In pre-SQL Server 7.0 releases, the checkpoint writes out any page that had changed since the last checkpoint and that another process hadn't already written out between checkpoints. So, any recovery process would begin at the last checkpoint, because any transaction committed before that checkpoint would have been written to both the transaction log and the database and would no longer be a concern.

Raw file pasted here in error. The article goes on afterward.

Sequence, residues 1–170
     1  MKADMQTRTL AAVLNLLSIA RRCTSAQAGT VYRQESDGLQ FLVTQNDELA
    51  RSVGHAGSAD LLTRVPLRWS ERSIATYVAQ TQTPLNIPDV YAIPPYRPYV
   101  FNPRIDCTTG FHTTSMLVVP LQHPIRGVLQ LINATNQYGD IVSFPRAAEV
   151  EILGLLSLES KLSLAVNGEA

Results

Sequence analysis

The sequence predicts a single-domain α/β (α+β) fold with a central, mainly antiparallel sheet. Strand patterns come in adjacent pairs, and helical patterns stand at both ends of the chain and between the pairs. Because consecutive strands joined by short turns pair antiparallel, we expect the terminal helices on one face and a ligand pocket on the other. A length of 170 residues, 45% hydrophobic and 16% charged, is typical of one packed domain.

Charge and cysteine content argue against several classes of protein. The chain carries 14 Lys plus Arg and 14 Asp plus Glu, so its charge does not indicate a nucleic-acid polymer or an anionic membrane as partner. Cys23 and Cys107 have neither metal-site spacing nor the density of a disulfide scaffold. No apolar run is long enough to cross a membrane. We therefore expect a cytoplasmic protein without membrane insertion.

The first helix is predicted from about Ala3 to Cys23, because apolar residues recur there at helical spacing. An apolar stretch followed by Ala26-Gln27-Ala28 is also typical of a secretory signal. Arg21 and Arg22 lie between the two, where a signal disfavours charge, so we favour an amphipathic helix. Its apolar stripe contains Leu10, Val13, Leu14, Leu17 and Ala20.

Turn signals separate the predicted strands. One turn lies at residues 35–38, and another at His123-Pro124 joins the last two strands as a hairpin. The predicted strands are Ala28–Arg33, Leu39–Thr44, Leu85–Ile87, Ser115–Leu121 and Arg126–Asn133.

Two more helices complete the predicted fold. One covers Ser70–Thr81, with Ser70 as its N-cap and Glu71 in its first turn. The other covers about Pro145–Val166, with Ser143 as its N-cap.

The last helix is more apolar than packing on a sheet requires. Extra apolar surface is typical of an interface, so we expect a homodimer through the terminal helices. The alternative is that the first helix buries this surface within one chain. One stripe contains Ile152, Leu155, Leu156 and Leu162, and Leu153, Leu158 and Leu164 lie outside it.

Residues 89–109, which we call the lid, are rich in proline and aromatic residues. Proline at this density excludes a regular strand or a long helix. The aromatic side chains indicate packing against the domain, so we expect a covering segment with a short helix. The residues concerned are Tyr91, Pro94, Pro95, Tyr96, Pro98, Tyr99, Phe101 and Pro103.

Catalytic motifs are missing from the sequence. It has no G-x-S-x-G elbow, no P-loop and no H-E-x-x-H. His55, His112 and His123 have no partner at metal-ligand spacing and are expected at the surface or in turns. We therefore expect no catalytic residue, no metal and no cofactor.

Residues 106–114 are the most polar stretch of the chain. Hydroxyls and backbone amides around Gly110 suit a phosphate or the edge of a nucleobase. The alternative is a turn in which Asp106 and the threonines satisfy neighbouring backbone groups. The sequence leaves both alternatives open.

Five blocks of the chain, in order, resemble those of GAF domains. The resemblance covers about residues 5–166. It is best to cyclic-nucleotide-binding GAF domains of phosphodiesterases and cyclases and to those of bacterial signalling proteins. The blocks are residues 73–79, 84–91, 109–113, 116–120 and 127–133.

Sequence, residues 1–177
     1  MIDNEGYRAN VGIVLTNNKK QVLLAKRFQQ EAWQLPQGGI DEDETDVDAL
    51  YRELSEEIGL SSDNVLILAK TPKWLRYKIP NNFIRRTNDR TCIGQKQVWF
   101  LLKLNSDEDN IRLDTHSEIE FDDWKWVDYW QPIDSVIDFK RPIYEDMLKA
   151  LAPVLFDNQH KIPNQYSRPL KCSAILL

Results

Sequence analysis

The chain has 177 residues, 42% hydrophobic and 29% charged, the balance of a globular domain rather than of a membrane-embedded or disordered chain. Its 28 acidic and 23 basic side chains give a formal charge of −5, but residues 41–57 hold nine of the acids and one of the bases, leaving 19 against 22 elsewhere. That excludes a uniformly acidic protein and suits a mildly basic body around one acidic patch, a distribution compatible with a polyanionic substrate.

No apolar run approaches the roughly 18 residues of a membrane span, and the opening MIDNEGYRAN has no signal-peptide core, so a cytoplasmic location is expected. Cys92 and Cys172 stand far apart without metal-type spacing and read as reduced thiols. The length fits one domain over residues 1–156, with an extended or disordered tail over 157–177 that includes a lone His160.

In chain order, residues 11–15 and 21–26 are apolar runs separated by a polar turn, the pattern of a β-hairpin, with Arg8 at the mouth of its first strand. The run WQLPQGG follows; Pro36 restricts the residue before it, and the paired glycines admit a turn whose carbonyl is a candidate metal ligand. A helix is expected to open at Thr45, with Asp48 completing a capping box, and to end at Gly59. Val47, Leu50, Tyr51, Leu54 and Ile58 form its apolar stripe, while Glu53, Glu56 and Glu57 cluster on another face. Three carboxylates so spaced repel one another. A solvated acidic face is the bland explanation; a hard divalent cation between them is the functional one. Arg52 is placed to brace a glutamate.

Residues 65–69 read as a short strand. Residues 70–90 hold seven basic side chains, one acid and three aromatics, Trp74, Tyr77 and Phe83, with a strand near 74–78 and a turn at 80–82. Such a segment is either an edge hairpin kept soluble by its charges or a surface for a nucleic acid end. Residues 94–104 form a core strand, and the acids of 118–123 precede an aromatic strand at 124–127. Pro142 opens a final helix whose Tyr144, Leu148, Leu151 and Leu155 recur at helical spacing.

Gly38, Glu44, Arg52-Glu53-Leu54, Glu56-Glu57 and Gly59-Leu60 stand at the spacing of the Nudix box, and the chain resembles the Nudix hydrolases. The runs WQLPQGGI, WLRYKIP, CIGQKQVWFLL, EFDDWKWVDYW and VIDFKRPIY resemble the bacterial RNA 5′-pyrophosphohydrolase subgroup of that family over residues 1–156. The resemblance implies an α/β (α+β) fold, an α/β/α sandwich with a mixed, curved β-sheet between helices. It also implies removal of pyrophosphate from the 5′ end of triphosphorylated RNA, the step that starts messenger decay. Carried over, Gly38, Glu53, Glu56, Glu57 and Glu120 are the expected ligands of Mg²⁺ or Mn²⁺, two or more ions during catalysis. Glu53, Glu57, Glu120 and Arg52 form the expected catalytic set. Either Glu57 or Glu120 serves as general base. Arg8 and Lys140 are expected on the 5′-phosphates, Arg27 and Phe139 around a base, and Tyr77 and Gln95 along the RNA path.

However, SQL Server Books Online (BOL) says that in SQL Server 7.0, instead of writing out all pages changed since the previous checkpoint, the checkpoint process writes out to disk all pages that were marked as dirty before the previous checkpoint and that haven't been written out by some other process using spare CPU cycles. In other words, according to BOL, the checkpoint process doesn't write out a changed page at the next checkpoint, but at the one after that, giving the change a better chance of being written out by a worker thread or the lazywriter. The result is that each checkpoint should have less to do. In turn, the recovery process would then begin not from the last checkpoint before the system shutdown, but from the one before that. However, the BOL documentation isn't correct; the checkpoint does indeed write all changed pages to disk immediately.